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The U.S. Securities and Exchange Commission (SEC) yesterday approved a highly anticipated rule to standardize climate risk disclosure requirements. In response to the decision, federal agency officials, policymakers, and industry experts and advocates applauded the outcome, reinforcing it as an important first step and a “floor, not a ceiling,” to maintain stability and transparency in America’s financial system.

From Policymakers

“Today’s rules enhance the consistency, comparability, and reliability of disclosures. The final rules provide specificity on what must be disclosed, which will produce more useful information than what investors see today.” – Gary Gensler, Chair, SEC 

“Ultimately today’s rule is better for investors than no rule at all, and that is why it has my vote.” – Carolina A. Crenshaw, Commissioner, SEC

“Climate change remains a threat to the stability of the financial system, and this serves as a market-based solution to better understand the impact it has on publicly traded companies. This rule should be cheered by all who value capitalism, investor protection, and market transparency.” Representatives Sean Casten (IL-06) and Juan Vargas (CA-52), Co-Chairs of the Congressional Sustainable Investment Caucus

It’s common sense to add material climate risks to the list of what we already require companies to disclose and establish a consistent framework for reporting greenhouse gas emissions. It’s clear the SEC responded to feedback from stakeholders and this rule reflects a thoughtful approach to climate risk disclosure.”  Senator Sherrod Brown (D-OH), Chair of the Senate Banking Committee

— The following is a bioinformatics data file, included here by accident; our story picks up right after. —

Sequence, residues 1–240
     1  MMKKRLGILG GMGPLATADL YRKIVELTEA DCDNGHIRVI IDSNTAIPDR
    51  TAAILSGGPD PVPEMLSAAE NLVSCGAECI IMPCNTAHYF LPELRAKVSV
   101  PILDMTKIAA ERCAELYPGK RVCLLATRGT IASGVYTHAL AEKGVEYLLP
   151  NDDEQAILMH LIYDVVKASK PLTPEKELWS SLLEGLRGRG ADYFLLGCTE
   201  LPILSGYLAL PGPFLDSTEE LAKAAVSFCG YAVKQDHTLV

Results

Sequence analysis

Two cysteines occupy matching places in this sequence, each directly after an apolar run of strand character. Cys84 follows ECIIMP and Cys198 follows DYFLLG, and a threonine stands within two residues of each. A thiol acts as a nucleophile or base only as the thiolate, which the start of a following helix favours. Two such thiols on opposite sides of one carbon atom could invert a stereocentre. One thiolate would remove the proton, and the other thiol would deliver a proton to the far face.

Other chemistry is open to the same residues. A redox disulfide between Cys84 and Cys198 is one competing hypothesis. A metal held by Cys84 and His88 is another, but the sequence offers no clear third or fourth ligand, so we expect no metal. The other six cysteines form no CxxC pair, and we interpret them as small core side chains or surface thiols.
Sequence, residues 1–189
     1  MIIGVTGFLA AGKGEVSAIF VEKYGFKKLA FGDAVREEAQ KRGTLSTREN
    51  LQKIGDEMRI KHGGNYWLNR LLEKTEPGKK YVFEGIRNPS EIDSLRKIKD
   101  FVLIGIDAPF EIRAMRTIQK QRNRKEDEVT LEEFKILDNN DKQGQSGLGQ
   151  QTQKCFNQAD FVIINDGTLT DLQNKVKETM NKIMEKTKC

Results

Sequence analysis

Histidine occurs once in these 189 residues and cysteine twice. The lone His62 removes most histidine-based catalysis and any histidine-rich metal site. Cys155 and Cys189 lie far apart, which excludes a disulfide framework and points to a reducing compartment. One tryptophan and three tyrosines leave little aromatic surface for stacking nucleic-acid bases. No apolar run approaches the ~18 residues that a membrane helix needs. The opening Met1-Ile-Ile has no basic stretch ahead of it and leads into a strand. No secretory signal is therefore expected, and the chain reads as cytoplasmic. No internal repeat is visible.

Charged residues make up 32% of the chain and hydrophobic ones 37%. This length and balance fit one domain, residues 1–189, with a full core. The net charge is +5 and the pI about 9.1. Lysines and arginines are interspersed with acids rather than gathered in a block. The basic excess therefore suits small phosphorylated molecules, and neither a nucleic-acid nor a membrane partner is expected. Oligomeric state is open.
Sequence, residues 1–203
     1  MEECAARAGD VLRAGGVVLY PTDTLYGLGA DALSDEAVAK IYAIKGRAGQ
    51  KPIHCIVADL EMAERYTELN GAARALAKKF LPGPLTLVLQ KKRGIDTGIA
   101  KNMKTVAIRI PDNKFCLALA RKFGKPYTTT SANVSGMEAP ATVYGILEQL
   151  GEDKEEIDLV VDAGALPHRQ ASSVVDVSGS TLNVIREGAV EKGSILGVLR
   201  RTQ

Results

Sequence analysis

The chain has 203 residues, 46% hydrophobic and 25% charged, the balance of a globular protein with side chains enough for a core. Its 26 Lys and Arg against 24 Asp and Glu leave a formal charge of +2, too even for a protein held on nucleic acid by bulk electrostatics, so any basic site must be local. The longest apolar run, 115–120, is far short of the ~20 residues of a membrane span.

From Industry Advocates & Experts

“This exercise of the agency’s authority to protect investors is an important first step … This rule is a floor, not a ceiling, for companies to report how their business is adapting to a global economy that is transitioning away from fossil fuels. Investors will continue to push for further standardization of climate information as it has a clear financial impact on their portfolios.” – Maria Lettini, CEO, US SIF: Sustainable Investment Forum

“Although this final rule does not go far enough compared to international standards and the SEC’s 2022 proposal, it will start to meet the demand for transparency that investors and companies have long sought.” – Mindy Lubber, President and CEO, Ceres

“The SEC’s rulemaking represents a net-positive for investors and our capital markets over the current status quo.” – Ben Cushing, Campaign Director, Sierra Club

“Investors will be able to see more clearly which companies are sort of future-proofed. The SEC is regulating to meet investor demand. And investors have been asking for this information — institutional investors, in particular — for at least a decade, probably longer.” – Cynthia Williams, Law Professor, Indiana University Maurer School of Law

“We celebrate that the U.S. financial markets finally have a mandatory climate risk disclosure regime that will begin providing some comparable, decision-useful information to investors. We know well the pressures the Commission faced in launching this rule, and we applaud their sustained commitment for over two years to bring standardization of climate reporting to financial filings.” – Josh Zinner, CEO, Interfaith Center on Corporate Responsibility (ICCR)

In an effort to uphold yesterday’s ruling, Unlocking America’s Future launched a six-figure digital and television national ad campaign urging Americans to tell Congress to side with everyday Americans over greedy billionaires and say yes to the SEC’s new climate disclosure rule.